Bill Clinton Discusses IT as Key Driver of GrowthBy Michael Vizard | Posted 11-19-2013
By Michael Vizard
Given the direct correlation between availability to high-speed network bandwidth and national prosperity, universal broadband access should influence how people vote more than any other political and economic issue, says former President Bill Clinton.
Speaking at a China Leadership Summit in Beijing hosted this week by SAP, Clinton says investments in network bandwidth not only lead to innovations that drive economic growth, but they create interdependencies between nations that ultimately reduce instability and conflict.
“If I could wave a magic wand today I would make sure everyone has universal rapid broadband access,” says Clinton. “People should be voting for the people that will put the political and economic policies in place to make that happen.”
Clinton contends universal access to high-speed broadband raises education levels across any given community, which in turn creates the skills needed to drive innovation and prosperity. And technologies such as big data and cloud computing, for example, will play a huge role in lowering the cost of health-care across the globe, he says.
At the same time, Clinton concedes that while IT is helping drive massive gains in productivity, those gains are not leading to a corresponding increase in the size of the middle class. The end result is an increase in overall wealth, but not a similar increase in overall employment.
Clinton expects a new generation of digital Millennials to help solve today’s issues by increasingly cooperating across national, ethnic and religious boundaries and to also drive the next wave of economic growth. Clinton argues that ubiquitous access to high-speed network bandwidth will provide the foundation for ultimately evening out the distribution of wealth across the globe.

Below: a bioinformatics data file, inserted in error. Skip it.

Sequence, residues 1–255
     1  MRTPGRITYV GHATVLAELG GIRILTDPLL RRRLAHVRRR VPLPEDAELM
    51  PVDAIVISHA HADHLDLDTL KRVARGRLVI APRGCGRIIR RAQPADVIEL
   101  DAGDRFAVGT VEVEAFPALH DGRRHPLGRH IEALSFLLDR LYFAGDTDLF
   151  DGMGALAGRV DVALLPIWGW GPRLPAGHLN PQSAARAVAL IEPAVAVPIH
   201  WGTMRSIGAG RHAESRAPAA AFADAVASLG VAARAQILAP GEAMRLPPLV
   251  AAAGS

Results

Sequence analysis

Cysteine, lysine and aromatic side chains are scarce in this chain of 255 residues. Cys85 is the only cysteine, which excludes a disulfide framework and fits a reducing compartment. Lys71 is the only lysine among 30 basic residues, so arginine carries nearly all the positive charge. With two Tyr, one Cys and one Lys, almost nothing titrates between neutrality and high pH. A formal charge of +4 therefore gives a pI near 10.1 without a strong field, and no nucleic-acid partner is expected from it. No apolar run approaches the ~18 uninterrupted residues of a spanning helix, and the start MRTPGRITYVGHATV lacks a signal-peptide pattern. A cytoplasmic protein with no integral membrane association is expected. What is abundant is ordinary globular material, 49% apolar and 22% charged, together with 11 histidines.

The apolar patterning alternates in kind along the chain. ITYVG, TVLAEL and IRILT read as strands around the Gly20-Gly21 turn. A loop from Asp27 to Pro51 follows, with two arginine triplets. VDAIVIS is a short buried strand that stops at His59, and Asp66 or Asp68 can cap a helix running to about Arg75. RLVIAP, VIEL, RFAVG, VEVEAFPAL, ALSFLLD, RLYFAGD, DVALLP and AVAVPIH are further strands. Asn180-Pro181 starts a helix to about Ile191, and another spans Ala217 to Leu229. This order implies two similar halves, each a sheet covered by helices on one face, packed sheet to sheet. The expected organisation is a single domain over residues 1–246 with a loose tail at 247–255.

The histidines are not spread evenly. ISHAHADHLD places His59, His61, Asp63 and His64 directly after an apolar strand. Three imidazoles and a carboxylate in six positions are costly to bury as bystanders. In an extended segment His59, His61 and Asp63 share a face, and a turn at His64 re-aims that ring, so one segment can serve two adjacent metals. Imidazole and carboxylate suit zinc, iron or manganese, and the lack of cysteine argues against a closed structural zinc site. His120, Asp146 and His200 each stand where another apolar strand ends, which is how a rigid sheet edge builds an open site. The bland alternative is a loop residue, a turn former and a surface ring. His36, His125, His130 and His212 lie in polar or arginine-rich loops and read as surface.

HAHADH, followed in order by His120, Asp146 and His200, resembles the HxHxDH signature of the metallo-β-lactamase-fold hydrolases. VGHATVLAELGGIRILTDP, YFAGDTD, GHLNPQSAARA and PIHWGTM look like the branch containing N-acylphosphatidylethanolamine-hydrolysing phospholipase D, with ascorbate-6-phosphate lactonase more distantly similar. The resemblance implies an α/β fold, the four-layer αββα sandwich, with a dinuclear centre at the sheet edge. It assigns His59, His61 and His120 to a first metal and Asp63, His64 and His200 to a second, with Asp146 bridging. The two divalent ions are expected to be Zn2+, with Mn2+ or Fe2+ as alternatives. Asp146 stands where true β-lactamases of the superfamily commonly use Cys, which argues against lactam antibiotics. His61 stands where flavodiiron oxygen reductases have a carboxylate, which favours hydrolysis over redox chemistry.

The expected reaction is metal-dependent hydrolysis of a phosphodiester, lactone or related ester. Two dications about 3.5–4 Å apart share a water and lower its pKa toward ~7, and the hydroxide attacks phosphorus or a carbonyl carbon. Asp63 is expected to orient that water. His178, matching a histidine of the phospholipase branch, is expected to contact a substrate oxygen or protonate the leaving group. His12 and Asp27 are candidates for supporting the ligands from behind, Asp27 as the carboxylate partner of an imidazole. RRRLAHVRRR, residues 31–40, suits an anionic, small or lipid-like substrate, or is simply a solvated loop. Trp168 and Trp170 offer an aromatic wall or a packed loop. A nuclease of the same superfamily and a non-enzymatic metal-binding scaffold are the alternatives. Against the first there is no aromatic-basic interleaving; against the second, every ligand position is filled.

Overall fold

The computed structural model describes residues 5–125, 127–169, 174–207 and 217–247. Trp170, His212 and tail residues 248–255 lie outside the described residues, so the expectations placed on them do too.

Needed: Public and Private Investments
To make that vision a reality, SAP Co-CEO Bill McDermott says a fair amount of public and private investments will be required.
“If you incentivize businesses to behave a certain way using credits and tax breaks, they will do what is in their own best interest,” says McDermott. “But you definitely need the private sector to actually get it done.”
A good example of that kind of cooperative effort has been the development of global positioning system (GPS). A technology originally funded by the U.S. government, GPS is now fueling a major growth in the use of mobile computing devices, all of which depend on GPS to deliver location-based services.
Information technology, as it is being globally applied today, represents nothing less than the manifestation of a new era in the history of humankind, says Clinton.
“This is the most interdependent age in human history,” says Clinton. “We can’t divorce ourselves from the rest of the world. Divorce is no longer even an option.”
About the Author
Michael Vizard is a contributing writer for CIO Insight.